The present case had no signs of anterior segment or posterior segment inflammation which could have led to investigations for tuberculosis. A typical CSCR like picture with the backdrop of systemic hypertension, was almost definitive. However, a small scar in the Right eye and vague history of ?lymph node biopsy in childhood led to further investigations to rule out tuberculosis.

CONCLUSION: Ocular Tuberculosis can have variable clinical manifestations. Patient's gender, age, his active life style and history of hypertension, initial clinical presentation and fundus findings led us to think in terms of CSCR. A high index of clinical suspicion is necessary especially in a country like ours where the disease is still rampant.


(1.) Kanski, Jack J. Clinical Ophthalmology: A systemic approach.--7thedition. Elsevier Saunders; 2011. Chapter 11;p.450.

(2.) Gupta v, Gupta A, Rao NA. Intraocular tuberculosis--an update. Surv Ophthalmol 2007;52(6):561-87.

(3.) Bodaghi B, Le Hoang P. Ocular tuberculosis. CurrOpin Ophthalmol 2000;11(6):443-8.

(4.) Albert & Jacobiec's- Principles and Practice of Ophthalmology.--3rd edition. Elsevier Inc; 2008. Chapter 95

(5.) Massaro D, Katz S, Sachs M. Choroidal tubercles. A clue to hematogenous tuberculosis. Ann Inter Med. 1964;60:231-41.

(6.) Grewal A, Kim RY, Cunningham ET Jr. Miliary tuberculosis. Arch Ophthalmol. 1998;116: 953-4.

(7.) Gupta V, Gupta A, Sachdeva N, et al. Simultaneous choroidaltuberculoma and epididymoorchitis caused by Mycobacterium tuberculosis. Am J Ophthalmol.2005;140:310-12.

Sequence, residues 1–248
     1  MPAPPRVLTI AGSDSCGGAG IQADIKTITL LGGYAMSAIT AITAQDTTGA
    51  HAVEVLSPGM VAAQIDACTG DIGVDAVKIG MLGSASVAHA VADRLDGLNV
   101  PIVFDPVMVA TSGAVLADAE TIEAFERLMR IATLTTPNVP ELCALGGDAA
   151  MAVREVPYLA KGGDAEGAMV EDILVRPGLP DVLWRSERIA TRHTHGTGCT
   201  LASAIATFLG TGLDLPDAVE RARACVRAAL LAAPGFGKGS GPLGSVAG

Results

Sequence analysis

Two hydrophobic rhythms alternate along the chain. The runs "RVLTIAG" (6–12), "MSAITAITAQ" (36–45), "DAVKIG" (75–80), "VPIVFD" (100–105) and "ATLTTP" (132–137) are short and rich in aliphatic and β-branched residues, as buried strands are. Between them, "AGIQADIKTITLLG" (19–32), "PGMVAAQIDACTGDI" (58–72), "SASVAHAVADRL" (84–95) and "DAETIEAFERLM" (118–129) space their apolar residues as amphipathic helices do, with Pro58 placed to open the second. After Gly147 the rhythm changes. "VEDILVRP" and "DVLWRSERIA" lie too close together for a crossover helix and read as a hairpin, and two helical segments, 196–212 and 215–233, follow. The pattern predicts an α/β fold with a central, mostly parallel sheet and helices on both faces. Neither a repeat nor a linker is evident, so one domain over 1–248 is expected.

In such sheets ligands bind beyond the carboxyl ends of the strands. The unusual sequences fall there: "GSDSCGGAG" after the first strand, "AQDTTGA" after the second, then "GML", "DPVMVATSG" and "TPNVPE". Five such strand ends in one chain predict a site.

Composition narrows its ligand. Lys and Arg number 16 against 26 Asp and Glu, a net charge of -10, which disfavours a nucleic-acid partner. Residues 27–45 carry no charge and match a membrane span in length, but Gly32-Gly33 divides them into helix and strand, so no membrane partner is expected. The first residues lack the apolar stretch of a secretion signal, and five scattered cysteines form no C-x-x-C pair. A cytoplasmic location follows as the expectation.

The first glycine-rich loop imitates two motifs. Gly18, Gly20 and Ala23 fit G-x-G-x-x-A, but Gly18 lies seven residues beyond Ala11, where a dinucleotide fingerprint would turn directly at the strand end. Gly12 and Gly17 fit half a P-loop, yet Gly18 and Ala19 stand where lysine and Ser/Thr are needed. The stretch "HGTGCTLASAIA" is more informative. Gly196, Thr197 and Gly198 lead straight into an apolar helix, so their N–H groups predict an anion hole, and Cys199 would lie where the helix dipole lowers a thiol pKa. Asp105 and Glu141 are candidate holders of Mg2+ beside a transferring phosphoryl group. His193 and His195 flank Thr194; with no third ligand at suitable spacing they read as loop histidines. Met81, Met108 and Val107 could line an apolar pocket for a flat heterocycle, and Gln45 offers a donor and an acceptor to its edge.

(8.) Vishali Gupta, Amod Gupta, Sunil Arora, Pradeep Bambery, Mangat Ram Dogra, Anita Agarwal, Presumed tubercular serpiginous like choroiditis: Clinical presentations and management, Ophthalmology, Volume 110, Issue 9, September 2003, Pages 1744-1749.

(9.) Gupta A, Gupta V. Tubercular posterior uveitis. IntOphthalmol Clin 2005;45(2):71-88.

Sandhya Ramachandra [1], Sameera Veerakanellore [2]


[1.] Professor, Department of Ophthalmology, PES Institute of Medical Sciences & Research, Kuppam, Andhra Pradesh.

[2.] PG Resident, Department of Ophthalmology, PES Institute of Medical Sciences & Research, Kuppam, Andhra Pradesh.


Dr. Sameera Veerakanellore,

PG Resident, PESIMSR, Kuppam, Andhra Pradesh--517425.

Date of Submission: 21/10/2013.

Date of Peer Review: 22/10/2013.

Date of Acceptance: 28/10/2013.

Date of Publishing: 06/11/2013
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Title Annotation:CASE REPORT
Author:Ramachandra, Sandhya; Veerakanellore, Sameera
Publication:Journal of Evolution of Medical and Dental Sciences
Article Type:Author abstract
Geographic Code:9INDI
Date:Nov 11, 2013